A crazy roller coaster: three takeaways from FC Bayern v 1. FC Heidenheim
Die Roten took the lead, lost it after being reduced to ten men, scored three times in short order to surge in front, and were pegged back by Heidenheim hat-trick hero Robert Glatzel – only for a more familiar Robert to close out the drama with six minutes remaining.
With seven match days remaining in the Bundesliga, the race for the title is set to go right down to the wire. In the DFB-Pokal, FC Bayern have tried their level best to shred our nerves and rid us all of our fingernails. For those who have complained about domestic football being dull, boring and owned by a dominant Bavarian giant, this was the perfect antidote. As they would say in Deutschland, was für ein irres Spiel.
When you look at Bayern’s goal tally, there is nothing remotely outrageous about this evening’s return. Five goals against a second-tier outfit is pretty much par for the course. What nobody expected was Heidenheim scoring four goals of their own, and pushing Niko Kovač’s side all the way. The understated visitors even came close to retaking the lead late on, only to be denied by Sven Ulreich.
Dortmund fans will be licking their lips ahead of this weekend’s top of the table meeting, but the reality is that this evening’s encounter was just one more in the long list of freakish cup ties. Heidenheim had nothing to lose. Bayern had to play for 75 minutes with just ten men. Serge Gnabry clattered the Metal twice, which was enough to make us all want to hit the bar too. I was at home. I had a much-needed beer.
It was entertaining, bonkers, and even a little gruesome at times. But we are through to the semi-finals. The double is still very much on.
Bayern had to play most of the match a man short, which is difficult at the best of times. In this situation, the defence can usually be cut a little slack. That said, what happened here was at times too shambolic for words. Even with ten men, there were far too many hairy and dull-headed moments for the Bavarians.
It all kicked off in the thirteenth minute, when Niklas Süle was booked for a desperate challenge on Robert Andrich, right on the edge of the penalty area. The booking looked a little soft, and with the referee able to consult the video assistant things did not look good. When Herr Winkmann went to his back pocket and brandished the dreaded Rot, it was no great surprise. It was close, and for some a little harsh, but we can have no real complaints about the decision. Süle had to make his way off the pitch, but the real guilty party was Thiago, whose gormless pass had created the mess in the first place.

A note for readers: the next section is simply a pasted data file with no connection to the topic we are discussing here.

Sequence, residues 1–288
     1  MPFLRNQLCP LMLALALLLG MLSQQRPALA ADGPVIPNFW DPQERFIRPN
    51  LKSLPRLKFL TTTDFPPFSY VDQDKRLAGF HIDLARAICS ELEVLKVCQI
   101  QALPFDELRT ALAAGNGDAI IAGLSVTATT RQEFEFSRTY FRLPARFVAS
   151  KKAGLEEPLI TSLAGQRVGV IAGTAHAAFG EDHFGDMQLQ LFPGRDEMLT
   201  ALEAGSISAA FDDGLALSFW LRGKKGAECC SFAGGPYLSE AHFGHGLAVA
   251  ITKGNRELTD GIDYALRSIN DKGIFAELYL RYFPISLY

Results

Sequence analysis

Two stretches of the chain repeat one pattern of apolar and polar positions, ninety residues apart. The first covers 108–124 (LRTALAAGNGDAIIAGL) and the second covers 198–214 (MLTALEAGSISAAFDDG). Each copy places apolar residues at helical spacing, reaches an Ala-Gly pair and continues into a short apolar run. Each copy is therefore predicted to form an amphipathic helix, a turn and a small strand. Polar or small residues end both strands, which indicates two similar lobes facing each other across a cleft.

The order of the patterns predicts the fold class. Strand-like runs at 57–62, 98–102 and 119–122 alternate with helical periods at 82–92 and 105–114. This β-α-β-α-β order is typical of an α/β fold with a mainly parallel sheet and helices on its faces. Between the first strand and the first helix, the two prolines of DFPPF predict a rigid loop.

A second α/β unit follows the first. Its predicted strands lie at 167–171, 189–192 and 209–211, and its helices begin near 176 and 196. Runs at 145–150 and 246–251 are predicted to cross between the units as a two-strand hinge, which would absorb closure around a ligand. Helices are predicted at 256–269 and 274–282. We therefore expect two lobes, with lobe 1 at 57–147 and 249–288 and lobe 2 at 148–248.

The coach responded by hooking out Franck Ribéry for Jérôme Boateng to maintain the four-man defensive unit, but if anything it encouraged the side from Baden-Württemberg. The Bavarians’ early advantage was quickly overturned. Robert Glatzel levelled the scores, and Rafinha was found wanting as the Bayern defence again took on the form of a piece of Swiss cheese to let in FCH skipper Marc Schnatterer six minutes before the break.
In the second half, three goals in a dozen minutes looked to have turned the contest around for good, but Heidenheim were far from done. Sub Maurice Multhaup was the fly in the Bavarian ointment, seizing a poor pass from Thomas Müller to set up Glatzel for his second, then ending up on the turf in the box courtesy of a clumsy Mats Hummels. Glatzel’s audacious “Panenka” completed a memorable hat-trick, and the scoreline was a scarcely believable 4:4.
The home side had taken the lead, lost it, retaken it with a glut of goals, and then pegged back in the space of two minutes. As the contest entered the final ten minutes, it is fair to say that the Bavarians were rocking.
At times, it looked as though it was going to be one of those crazy cup shocks. Serge Gnabry twice clattered the woodwork, and the ten men in red were huffing and puffing. With nine minutes of the 90 remaining, referee Winkmann turned down a handball shout for Bayern. The ball quickly made its way to the other side of the pitch, when Denis Thomalla looked to profit from another botched Bayern pass, this time from Boateng.
Thomalla had the goal at his mercy, and looked odds-on to turn to restore his team’s advantage. As the home fans hearts approached their mouths, Ulreich stood firm.
For all of the drama, the final act was banal. For the majority of the 75,000 crowd at the Allianz Arena, wonderfully banal. A handball decision against a Heidenheim defender, and a coolly-executed penalty from Robert Lewandowski, who had come on at the start of the second half. Having scored Bayern’s third goal, the Pole completed a welcome brace in the unfamiliar Joker role.
The timing, six minutes from full time, was perfect. I do not think that I would have survived half an hour of extra time.